The brakes are still very strong, but the front lever lacks feedback, and I find it to be a bit too long. On the track, the braking performance was quite impressive though. For instance, C2 at MMRT is a tight right-hander, and you enter it carrying a lot of speed. With the RR 310, I could brake really hard, load-up the front nicely – thanks also in part to its slightly softer front setup – and then take the desired line while hitting the apex like a seasoned racer. It’s a very enjoyable exercise. That said, the riding posture is still very much like a sport-tourer with forward-set foot-pegs, which also means that you run out of clearance very easily.
And what about the ‘race tuned’ slipper clutch?
It works very well, and you don’t necessarily have to be a racer to figure this out. The downshifts are super smooth, especially when you drop the cogs hard before entering a corner. No wheel hopping, no fishtailing and no back breaking jerk. I remember going down from 5th to 3rd gear around a corner in a very clumsy manner, but the slipper clutch did its job to keep the rear wheel grounded.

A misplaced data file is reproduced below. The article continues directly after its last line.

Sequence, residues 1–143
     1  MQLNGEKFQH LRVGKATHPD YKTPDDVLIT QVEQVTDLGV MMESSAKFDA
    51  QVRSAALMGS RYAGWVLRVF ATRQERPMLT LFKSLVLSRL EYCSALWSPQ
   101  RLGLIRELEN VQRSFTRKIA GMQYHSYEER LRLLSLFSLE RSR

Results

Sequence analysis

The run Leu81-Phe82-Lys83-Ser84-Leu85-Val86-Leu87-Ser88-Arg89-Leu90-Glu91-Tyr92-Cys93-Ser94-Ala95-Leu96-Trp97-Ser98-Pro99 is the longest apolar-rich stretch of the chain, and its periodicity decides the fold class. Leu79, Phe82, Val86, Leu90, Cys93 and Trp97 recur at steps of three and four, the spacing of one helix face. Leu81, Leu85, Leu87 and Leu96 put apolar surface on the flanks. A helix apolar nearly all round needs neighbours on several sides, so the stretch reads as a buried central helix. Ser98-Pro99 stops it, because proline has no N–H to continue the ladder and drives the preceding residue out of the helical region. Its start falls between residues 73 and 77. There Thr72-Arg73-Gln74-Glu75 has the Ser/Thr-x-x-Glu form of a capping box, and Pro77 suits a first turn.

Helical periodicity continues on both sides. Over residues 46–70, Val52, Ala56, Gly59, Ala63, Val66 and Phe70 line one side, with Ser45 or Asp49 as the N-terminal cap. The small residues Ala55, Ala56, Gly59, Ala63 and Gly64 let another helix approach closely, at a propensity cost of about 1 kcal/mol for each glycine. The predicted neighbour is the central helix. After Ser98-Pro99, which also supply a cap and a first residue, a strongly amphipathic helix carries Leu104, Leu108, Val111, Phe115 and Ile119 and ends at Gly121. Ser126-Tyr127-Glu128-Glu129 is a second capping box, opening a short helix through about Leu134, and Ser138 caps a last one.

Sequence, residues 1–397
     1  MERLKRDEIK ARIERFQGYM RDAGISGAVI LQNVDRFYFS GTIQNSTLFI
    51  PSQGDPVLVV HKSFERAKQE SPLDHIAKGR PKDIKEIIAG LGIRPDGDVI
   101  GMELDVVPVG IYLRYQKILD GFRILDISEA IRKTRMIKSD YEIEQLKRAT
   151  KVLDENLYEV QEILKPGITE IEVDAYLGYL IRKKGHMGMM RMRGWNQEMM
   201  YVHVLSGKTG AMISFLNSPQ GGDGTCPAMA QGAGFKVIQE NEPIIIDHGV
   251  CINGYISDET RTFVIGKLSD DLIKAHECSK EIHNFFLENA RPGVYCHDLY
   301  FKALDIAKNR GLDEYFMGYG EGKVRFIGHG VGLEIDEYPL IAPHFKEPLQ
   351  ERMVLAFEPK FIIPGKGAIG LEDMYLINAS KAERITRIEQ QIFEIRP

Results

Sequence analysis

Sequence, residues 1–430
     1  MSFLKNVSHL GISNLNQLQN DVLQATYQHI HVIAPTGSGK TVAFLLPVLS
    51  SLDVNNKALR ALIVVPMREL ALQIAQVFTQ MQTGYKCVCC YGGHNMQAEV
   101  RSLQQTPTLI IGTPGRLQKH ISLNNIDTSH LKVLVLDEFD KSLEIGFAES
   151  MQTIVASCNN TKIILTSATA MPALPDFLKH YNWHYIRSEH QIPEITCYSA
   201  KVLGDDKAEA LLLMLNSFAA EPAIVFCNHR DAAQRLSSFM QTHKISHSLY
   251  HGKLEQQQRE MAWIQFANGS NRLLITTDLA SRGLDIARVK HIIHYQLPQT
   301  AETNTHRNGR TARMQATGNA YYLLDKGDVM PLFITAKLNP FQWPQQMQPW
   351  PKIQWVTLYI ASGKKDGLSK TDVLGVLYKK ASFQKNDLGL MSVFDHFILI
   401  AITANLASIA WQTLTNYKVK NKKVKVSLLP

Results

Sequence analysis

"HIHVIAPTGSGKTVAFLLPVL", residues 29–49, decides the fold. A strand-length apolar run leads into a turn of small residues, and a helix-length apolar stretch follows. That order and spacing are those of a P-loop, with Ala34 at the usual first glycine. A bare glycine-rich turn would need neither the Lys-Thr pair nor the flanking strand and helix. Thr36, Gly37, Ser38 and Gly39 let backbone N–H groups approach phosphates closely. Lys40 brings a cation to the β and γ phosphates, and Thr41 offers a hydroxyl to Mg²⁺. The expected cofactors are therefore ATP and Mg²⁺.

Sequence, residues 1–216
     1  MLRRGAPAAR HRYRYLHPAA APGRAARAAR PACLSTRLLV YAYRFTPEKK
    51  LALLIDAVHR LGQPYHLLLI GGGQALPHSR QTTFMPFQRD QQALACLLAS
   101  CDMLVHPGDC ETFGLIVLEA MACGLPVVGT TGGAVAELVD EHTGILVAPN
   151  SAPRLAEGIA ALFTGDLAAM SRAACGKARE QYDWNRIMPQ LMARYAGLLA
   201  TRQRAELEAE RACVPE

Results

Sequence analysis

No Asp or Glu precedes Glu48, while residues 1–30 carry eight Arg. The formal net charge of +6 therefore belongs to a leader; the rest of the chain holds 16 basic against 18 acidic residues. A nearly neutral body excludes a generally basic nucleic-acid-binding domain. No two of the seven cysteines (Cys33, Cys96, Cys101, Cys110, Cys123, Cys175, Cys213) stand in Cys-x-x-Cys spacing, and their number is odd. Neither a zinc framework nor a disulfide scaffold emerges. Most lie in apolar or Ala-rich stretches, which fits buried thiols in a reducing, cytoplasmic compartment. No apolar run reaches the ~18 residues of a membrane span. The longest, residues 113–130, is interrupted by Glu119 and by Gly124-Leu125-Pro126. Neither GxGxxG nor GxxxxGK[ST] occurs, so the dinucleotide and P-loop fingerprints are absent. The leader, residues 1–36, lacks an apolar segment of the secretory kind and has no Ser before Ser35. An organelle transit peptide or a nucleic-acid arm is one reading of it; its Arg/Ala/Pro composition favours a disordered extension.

Apart from canyon carving, the slipper clutch makes the clutch action lighter by around 20 per cent in the RR 310, says TVS. So, in city riding, it will be quite helpful. That said, we don't know if its stalling issues, which we regularly faced with our long-term bike in the past, have been fixed. That’s something we can only comment on when we get to ride the new motorcycle in traffic.
There’s no denying that the Apache RR 310 is more or less unchanged. To be brutally honest, the riding experience is vastly similar, and even the addition of a slipper clutch doesn’t make a world of a difference in the way it rides. However, the new version definitely feels a lot more refined and smoother than the original, thanks to the new set of updates. And special props to TVS for ironing out these small niggles in such a short time.
However, for the next update, can we finally do something about that exhaust note? Perhaps add more bass and oomph to go along with the exotic look of the motorcycle? I know TVS is listening for sure, and I am counting on them to bring yet another mid-cycle update very soon.
- 2019 TVS Apache RR 310
Engine: 312cc/ Single-Cylinder/ 4 Valves/ Liquid-Cooled
Power: 33.5bhp @ 9,700rpm
Torque: 27.3Nm @ 7,700rpm
Price: Rs 2.27 lakh (Ex-showroom, Delhi)